NEW YORK (CBSNewYork/AP) — Homeland security officials have released an invisible, harmless gas Monday into part of New York City’s subway system as part of a test of how air moves through the tunnels and platforms.

The gas will be released for five days at two of three major transit hubs: Grand Central, Times Square or Penn Station. The gas contains tracing particles that look like drops of perfume from an atomizer before quickly dissipating.

Detectors have been installed in more than 55 stations and some outdoor spots to see where the vapors go. The collection boxes pull air through filters and capture particles into bags for analysis. About 12,000 samples will be taken this week, federal officials said.

Donald Bansleben, program manager of the Chemical and Biological Defense Division of the U.S. Department of Homeland Security, told reporters on the subway platform that the exercise is meant to simulate the release of a biological agent.

“To understand where hazardous materials would travel in the subway if they were released, especially the particles,” Bansleben said. “It’s very valuable, especially for the emergency planners because you need to understand the situation that you might be facing.”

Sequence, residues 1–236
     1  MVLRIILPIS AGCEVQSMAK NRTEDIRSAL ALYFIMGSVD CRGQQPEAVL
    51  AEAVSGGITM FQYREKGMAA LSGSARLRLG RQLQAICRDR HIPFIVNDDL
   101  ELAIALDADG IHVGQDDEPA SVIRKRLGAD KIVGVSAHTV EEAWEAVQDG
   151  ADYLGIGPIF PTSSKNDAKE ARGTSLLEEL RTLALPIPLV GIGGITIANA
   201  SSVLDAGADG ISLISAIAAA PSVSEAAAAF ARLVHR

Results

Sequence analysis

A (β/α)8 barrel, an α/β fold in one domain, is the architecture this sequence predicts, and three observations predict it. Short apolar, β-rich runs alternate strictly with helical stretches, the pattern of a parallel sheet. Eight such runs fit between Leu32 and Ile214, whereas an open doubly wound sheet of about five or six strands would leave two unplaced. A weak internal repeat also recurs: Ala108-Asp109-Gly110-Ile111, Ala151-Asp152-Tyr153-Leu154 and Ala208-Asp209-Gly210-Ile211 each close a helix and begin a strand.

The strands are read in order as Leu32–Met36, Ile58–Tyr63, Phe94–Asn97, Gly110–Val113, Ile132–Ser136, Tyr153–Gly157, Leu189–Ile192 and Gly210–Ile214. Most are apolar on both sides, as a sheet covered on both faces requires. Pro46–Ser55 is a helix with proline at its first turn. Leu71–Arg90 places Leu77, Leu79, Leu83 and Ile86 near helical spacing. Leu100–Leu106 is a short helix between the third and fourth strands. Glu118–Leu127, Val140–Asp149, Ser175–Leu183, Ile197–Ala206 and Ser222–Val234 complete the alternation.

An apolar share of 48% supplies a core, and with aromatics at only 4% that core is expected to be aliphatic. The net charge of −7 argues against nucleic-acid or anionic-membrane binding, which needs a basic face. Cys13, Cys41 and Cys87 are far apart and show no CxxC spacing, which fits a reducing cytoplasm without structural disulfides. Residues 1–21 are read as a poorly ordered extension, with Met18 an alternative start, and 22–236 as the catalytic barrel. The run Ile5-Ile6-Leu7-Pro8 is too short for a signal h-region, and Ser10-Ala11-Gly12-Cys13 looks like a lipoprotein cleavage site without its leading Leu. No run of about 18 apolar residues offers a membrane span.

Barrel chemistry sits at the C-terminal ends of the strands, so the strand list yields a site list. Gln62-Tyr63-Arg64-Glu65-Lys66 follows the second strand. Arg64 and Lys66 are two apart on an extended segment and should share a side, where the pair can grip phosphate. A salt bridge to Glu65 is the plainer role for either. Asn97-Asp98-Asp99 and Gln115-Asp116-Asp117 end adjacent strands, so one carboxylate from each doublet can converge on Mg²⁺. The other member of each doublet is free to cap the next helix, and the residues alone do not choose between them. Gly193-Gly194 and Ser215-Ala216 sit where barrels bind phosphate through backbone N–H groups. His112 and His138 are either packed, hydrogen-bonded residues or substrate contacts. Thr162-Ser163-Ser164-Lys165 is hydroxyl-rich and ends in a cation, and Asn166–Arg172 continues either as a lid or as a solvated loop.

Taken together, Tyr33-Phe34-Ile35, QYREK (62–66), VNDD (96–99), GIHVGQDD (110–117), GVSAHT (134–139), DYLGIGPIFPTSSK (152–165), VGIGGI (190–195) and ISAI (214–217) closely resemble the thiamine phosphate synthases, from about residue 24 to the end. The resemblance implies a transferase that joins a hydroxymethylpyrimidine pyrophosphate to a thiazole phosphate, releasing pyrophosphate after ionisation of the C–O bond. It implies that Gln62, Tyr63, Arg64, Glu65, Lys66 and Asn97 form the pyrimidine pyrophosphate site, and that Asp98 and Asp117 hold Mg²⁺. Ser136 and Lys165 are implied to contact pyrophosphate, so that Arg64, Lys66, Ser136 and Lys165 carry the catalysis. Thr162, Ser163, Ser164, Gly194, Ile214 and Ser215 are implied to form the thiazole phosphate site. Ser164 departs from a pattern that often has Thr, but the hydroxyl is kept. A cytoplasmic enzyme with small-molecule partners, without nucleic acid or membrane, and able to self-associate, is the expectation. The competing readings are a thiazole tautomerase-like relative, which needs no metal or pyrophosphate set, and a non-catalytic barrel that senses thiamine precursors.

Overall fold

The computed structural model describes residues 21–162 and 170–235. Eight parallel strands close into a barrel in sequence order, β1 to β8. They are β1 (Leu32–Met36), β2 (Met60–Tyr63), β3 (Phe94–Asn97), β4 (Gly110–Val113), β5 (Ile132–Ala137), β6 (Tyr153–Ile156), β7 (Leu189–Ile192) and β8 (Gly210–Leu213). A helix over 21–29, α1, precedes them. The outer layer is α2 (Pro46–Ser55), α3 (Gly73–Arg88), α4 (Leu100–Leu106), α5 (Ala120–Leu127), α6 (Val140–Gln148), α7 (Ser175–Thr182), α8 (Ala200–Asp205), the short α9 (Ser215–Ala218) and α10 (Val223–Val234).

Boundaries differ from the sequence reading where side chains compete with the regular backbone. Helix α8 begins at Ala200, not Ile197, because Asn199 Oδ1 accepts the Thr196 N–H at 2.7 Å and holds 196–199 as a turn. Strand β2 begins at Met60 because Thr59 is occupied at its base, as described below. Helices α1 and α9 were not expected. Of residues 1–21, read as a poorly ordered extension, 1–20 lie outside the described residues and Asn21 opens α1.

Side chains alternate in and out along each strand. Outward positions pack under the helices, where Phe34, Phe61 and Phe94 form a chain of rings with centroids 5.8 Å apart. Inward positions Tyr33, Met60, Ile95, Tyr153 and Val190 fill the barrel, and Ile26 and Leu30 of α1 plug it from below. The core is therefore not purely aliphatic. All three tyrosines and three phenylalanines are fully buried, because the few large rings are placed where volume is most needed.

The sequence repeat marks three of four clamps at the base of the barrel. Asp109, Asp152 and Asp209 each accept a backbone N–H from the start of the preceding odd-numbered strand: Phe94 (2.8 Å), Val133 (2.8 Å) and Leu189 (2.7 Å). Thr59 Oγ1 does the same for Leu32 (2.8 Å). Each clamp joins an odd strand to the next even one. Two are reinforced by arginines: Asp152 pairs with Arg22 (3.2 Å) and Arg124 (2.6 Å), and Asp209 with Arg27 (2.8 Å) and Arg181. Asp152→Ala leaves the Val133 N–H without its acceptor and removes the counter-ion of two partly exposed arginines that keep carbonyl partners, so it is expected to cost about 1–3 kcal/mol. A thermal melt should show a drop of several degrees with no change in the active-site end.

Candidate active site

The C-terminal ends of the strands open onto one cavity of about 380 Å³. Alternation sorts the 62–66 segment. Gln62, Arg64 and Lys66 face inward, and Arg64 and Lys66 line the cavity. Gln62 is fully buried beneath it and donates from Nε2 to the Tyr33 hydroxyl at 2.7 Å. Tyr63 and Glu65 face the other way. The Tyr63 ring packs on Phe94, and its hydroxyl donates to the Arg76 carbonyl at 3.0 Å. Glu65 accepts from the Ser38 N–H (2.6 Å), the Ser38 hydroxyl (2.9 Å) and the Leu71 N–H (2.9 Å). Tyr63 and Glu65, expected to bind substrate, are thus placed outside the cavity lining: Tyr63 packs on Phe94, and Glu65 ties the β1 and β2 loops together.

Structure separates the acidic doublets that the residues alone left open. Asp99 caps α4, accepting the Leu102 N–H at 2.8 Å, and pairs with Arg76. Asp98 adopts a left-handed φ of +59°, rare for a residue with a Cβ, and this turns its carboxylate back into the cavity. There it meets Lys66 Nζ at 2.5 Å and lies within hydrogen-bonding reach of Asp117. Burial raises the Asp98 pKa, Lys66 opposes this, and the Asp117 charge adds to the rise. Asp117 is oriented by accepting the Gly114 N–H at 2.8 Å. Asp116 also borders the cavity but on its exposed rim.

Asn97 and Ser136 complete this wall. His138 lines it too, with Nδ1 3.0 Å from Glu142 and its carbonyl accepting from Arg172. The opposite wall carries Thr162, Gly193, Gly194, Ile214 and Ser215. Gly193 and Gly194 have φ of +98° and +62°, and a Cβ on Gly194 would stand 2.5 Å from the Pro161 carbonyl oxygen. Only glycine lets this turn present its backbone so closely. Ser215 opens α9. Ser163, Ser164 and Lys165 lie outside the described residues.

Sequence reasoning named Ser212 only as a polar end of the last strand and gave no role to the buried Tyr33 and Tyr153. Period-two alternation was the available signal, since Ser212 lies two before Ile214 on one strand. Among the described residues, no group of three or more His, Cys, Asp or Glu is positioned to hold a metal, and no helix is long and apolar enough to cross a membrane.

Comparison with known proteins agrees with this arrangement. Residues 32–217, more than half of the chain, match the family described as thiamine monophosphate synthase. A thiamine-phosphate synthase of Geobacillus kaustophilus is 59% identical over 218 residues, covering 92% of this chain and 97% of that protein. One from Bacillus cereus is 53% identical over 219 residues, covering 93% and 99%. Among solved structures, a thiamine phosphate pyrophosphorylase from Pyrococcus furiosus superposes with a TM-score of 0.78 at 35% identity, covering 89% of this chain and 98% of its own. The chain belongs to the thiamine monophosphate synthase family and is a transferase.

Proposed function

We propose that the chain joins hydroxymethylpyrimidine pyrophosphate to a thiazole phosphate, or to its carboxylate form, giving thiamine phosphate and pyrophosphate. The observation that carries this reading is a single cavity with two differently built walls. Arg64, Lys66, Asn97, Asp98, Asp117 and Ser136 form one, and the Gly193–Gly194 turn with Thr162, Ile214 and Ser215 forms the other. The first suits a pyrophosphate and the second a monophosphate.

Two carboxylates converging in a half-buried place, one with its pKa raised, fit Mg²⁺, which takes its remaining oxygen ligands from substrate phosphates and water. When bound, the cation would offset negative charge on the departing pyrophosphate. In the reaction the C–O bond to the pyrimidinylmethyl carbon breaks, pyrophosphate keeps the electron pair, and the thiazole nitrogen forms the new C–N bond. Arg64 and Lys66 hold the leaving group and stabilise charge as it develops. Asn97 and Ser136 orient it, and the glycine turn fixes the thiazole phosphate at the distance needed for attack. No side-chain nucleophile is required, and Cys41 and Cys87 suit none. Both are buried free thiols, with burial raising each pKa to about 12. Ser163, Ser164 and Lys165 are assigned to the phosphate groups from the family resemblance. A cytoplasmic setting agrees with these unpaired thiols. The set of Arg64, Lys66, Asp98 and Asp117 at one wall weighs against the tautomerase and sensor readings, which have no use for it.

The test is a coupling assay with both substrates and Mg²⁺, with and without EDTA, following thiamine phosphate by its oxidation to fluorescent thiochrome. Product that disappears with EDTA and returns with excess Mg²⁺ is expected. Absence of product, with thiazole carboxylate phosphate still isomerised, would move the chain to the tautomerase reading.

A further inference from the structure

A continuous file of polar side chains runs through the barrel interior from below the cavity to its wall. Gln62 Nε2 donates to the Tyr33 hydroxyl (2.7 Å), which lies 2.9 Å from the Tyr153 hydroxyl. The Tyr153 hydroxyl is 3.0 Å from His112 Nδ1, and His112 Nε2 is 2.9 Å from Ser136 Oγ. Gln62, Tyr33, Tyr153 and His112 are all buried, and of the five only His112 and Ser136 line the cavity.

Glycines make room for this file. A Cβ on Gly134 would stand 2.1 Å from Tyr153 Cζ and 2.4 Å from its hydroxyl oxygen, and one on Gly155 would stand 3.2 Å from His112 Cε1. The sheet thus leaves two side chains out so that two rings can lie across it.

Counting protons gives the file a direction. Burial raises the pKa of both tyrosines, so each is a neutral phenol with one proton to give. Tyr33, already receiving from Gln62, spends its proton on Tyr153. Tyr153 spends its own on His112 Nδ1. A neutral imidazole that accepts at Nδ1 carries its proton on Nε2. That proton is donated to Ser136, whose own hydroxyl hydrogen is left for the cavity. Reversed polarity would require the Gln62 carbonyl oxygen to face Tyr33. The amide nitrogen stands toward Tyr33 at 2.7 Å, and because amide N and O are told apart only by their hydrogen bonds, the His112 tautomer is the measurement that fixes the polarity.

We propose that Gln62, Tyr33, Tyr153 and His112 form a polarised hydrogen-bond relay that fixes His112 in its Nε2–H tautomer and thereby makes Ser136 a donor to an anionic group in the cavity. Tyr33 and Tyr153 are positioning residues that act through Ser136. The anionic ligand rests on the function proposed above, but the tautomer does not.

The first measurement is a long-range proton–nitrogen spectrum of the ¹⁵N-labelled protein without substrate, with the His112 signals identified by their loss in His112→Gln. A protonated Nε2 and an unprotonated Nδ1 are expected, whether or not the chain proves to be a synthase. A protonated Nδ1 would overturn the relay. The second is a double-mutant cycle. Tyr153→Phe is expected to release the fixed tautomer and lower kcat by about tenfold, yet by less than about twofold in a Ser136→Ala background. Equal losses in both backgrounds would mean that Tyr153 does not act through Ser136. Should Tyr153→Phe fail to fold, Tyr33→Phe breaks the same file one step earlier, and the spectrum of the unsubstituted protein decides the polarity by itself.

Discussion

Chief Bob Ingram of the fire department’s counterterrorism unit said they also want to see how they can keep people safe, 1010 WINS’ Juliet Papa reported.

“Not only with evacuations, sheltering in place, but also the recovery of these types of facilities so that we can move people back into them and know that it’s safe,” he said.

While riders will be able to see the smoke, Bansleben said they should not be alarmed.

“Everything we’re releasing is harmless,” he said. “Nothing is hazardous to the public.”

Researcher Benjamin Ervin said the tests were very important.

“If there were to be a chemical or biological attack we would have to know how to test for it and sample for it once it’s happened,” Ervin said.

Most subway riders were on board with the test.

“We need to be prepared,” one man told 1010 WINS’ John Montone.

“It sounds OK to me, as long as it helps out God forbid something happens,” another man said.

“It’s something that I think we should be prepared for, because the country’s always under attack,” another woman said.

Although some were a little nervous about the gas.

“It’s gotta be done, but I’m not too happy about it,” one woman told CBS2’s Scott Rapoport.

The data will take months to analyze, Rapoport reported.

The MTA warned riders there may be some delays during the testing.

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